top of page

Three Great Questions to Ask Yourself When Studying the Bible


When I was a kid and in school, I was a hard kid to teach because I rarely took what people told me to be true, unless they could answer my questions. And I questioned everything! In college, I was a philosophy minor. I loved discussing and arguing ideas, to sort out conventional thinking from true wisdom (as I saw it).

Even today, as a follower of Jesus, it bothers me when I hear other Christians use as the answer to almost everything, “because the Word of God says so.” I immediately want to ask “where does the Bible say that? Are there any other verses that give a different interpretation? Are the verses we’re both reading taken in context, or just quoted to justify an idea you already believe to be true?”

I also go on high alert whenever I hear someone quote a pastor who has a reputation for being on the edge. It’s a great temptation for a young pastor, to try to find a new meaning – to a long-held teaching of scripture, and then write a book about it, as if that validates the teaching.

I’m wary of pat answers or new interpretations. You should be very wary of them as well. So, here are three great questions to ask as you study the Bible. 1. What is God’s intent in telling us this story, command or truth? Here’s where we can get off track the quickest. All of us, have assumptions about God, faith and the world, that tempt us to find proof for those assumptions. To be a courageous Christian means challenging even our own assumptions, in favor of what God is plainly telling us.

Here’s a good example of how this works; I spend a lot of time working with successful Christians. So I’ll ask, “What do you think Jesus means when he says, ‘You cannot serve both God and Money?’ Matthew 6:24b.” You can almost hear the gears grinding quickly into high speed to justify why that’s not exactly what God meant. Here’s the phrase to listen for: “What Jesus meant to say was…” Then off they go to explain away an inconvenient truth from God. And we all are guilty of similar deceitful interpretations.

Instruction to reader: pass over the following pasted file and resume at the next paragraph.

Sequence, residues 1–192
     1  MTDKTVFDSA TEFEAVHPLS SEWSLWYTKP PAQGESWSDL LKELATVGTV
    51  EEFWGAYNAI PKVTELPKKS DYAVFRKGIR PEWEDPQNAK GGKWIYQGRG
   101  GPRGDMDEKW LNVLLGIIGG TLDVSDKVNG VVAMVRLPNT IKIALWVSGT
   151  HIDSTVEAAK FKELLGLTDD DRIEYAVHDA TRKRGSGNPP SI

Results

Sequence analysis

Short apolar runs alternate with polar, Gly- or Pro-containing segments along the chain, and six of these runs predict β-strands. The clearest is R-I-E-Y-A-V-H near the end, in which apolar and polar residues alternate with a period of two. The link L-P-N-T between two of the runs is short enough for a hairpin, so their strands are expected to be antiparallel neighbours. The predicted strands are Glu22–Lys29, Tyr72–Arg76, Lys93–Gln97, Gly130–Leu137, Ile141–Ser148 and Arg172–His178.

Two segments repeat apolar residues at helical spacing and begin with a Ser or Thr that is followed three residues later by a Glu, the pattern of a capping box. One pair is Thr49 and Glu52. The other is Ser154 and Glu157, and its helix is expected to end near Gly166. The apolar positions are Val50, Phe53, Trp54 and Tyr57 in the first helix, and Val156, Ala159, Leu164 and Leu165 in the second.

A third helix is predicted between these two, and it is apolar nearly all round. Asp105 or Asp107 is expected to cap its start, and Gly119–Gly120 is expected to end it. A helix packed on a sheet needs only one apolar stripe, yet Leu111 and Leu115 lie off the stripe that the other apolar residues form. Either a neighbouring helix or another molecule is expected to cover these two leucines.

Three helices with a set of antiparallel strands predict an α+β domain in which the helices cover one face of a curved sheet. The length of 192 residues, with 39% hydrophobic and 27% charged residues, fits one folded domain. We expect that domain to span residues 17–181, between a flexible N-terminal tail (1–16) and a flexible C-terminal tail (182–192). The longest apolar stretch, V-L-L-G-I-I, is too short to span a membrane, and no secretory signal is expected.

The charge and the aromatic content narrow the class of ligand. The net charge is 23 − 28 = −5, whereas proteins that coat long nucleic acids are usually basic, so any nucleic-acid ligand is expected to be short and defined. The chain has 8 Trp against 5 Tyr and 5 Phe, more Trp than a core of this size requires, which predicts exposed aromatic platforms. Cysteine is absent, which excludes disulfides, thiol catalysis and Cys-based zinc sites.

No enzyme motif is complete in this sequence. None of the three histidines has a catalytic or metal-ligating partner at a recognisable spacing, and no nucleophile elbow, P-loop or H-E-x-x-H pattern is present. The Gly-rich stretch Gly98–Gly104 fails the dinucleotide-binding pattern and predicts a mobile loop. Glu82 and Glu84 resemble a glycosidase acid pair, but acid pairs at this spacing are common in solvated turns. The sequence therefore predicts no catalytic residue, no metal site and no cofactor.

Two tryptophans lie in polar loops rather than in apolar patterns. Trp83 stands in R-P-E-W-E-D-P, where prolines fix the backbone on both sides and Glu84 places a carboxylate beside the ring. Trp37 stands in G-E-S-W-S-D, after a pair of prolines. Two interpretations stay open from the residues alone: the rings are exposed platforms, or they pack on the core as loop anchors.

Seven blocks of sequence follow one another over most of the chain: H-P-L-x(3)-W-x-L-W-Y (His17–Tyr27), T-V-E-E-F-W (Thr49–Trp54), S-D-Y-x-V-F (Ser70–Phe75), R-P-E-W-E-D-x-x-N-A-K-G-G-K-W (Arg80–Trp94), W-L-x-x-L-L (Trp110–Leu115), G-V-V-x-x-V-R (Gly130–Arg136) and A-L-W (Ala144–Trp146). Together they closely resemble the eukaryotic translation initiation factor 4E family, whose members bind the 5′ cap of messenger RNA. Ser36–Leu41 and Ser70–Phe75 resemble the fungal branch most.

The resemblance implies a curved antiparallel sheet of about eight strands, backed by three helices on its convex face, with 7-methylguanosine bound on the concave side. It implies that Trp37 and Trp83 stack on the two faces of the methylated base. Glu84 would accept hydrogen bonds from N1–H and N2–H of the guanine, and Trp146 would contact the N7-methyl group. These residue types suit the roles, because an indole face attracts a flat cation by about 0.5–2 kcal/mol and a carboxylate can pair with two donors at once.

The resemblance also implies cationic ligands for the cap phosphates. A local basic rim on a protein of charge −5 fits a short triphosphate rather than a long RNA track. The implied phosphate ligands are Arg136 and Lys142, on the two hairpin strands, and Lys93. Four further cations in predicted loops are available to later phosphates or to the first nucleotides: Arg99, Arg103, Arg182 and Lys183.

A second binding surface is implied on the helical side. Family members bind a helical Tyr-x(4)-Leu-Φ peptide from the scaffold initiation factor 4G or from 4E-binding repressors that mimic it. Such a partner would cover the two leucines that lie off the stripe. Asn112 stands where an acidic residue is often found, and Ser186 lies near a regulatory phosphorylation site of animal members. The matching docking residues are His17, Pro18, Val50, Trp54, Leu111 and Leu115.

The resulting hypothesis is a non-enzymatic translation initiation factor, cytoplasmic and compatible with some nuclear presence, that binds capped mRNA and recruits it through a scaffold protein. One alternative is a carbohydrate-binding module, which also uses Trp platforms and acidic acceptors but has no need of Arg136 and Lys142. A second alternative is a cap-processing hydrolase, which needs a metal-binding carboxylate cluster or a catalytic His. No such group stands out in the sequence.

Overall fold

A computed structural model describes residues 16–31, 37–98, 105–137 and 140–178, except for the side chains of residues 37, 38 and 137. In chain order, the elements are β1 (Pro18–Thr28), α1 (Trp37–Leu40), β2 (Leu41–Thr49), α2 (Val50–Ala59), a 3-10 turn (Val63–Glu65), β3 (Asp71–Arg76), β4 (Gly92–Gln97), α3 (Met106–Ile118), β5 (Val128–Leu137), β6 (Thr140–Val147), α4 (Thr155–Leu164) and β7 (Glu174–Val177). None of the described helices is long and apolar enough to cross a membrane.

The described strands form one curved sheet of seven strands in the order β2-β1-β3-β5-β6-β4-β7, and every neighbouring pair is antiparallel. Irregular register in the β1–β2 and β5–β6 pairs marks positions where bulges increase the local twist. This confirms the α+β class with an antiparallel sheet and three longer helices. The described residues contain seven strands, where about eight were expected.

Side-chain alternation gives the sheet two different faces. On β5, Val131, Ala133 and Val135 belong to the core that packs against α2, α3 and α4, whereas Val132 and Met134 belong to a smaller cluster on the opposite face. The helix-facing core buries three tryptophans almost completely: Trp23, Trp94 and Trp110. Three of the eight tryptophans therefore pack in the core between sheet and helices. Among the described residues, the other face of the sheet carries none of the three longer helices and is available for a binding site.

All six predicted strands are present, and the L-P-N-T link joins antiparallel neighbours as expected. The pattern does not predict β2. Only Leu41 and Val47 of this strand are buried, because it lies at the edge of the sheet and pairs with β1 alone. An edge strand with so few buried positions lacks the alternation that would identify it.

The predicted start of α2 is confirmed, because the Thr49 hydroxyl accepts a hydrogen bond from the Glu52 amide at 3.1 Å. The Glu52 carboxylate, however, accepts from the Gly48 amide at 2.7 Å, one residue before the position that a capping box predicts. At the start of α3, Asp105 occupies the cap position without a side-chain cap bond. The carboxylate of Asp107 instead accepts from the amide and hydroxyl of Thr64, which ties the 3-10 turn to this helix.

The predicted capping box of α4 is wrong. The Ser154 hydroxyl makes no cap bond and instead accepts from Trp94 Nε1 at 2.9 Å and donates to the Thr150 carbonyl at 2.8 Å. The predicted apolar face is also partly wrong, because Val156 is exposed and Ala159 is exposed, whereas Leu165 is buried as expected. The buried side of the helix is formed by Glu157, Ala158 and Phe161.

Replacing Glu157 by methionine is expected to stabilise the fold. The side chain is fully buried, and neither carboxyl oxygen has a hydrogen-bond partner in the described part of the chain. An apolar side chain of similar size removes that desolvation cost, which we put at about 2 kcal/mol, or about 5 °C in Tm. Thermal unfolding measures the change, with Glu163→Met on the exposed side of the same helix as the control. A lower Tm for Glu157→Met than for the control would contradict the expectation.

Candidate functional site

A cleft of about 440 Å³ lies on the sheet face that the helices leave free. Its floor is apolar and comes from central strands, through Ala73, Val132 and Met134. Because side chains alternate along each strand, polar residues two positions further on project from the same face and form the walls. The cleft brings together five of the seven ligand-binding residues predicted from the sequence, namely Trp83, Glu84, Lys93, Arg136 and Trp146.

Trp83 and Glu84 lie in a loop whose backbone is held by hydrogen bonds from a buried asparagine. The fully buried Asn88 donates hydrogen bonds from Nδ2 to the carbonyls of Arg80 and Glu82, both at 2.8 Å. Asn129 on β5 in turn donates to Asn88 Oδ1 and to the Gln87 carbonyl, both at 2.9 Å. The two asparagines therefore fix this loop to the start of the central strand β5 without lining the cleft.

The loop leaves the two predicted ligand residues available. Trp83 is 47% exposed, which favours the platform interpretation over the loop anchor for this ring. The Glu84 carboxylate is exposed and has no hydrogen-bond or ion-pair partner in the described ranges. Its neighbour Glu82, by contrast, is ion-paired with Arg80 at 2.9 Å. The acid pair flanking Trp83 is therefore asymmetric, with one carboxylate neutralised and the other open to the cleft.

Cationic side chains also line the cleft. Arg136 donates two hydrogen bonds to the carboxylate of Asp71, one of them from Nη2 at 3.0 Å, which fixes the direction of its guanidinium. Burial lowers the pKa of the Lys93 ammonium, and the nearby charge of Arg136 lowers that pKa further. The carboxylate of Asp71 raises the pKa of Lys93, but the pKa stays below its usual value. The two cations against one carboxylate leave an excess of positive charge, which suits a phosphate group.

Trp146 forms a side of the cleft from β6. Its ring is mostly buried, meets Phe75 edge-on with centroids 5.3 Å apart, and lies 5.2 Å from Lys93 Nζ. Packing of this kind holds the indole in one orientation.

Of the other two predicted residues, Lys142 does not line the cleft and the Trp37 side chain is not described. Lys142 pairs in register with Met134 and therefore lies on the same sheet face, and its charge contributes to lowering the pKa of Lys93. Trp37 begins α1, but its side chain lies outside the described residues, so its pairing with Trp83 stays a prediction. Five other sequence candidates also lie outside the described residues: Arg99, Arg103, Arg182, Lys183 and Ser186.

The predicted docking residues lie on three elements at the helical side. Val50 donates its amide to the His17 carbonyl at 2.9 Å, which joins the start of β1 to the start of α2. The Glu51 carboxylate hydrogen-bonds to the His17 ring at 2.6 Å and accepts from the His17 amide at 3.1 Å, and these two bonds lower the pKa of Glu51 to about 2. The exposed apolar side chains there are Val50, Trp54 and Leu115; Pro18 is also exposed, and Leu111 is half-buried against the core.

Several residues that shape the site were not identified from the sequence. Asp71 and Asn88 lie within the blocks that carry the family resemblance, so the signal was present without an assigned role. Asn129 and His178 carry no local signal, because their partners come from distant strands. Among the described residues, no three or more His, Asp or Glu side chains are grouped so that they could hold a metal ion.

People who’ve had an unbiblical divorce, or an affair, all seem to suddenly have new insights, “from scripture” they didn’t have a dozen years before, why they now have a clear conscience before God. To be a serious student of the Bible means you accept as true the most obvious interpretation, regardless of how it helps or hinders your personal situation or belief.

2. Do I believe what the Bible is telling me, enough to obey it reasonably consistently? There was a time that I’d read what the Bible said about loving your enemies, and I’d think, “Yeah, I believe that.” And I did at some level. But, I still had enemies who I didn’t love.

Finally, it dawned on me that to “believe in the Bible,” I had to do far more than agree with it. I had to be intentional about obeying it, or God could reasonably conclude that, for all practical purposes, I didn’t actually believe what he said in the Bible!

So, what teachings of the Bible have you read, but are not obeying, which you apparently don’t believe either?

3. What have the wisest and most godly Christians taught on this subject, and has their teaching stood the test of time? Every 20 years or so, there’s another new theological idea that tests conventional thinking on the Bible. In our generation, it is prosperity theology or the ideas of the emergent church. In the 60’s and 70’s it was liberation theology. And in a few decades, these ideas will prove false and others will replace them.

“For the time will come when people will not put up with sound doctrine. Instead, to suit their own desires, they will gather around them a great number of teachers to say what their itching ears want to hear.” 2 Timothy 4:3

So every time I hear a new interpretation of the some biblical idea, or I have one of my own, I check with some of the giants who’ve gone before me, or those who’s teaching is respected by the wisest pastors of our generation.

I have a set of commentaries that have been a great help to me when I’ve heard others make the Bible say something, I’m quite sure it doesn’t, or to check myself to keep from getting too far off on my own teaching ministry. Here are some of the commentaries I like and recommend for your library;

From a Dispensational perspective Bible Doctrine or the more complete, Systematic. Theology, by Wayne Grudem The Bible Knowledge Commentary, by Walvoord and Zuck

From a Reformed or Covenantal Perspective Matthew Henry’s Commentary on the whole Bible

Final thought: Treat the most enduring teachings about the Bible with respect, and adopt new ideas very cautiously.

How following Jesus works in real life.

If you found this blog and are not a regular subscriber, you can take care of that right HERE.

2 views0 comments


bottom of page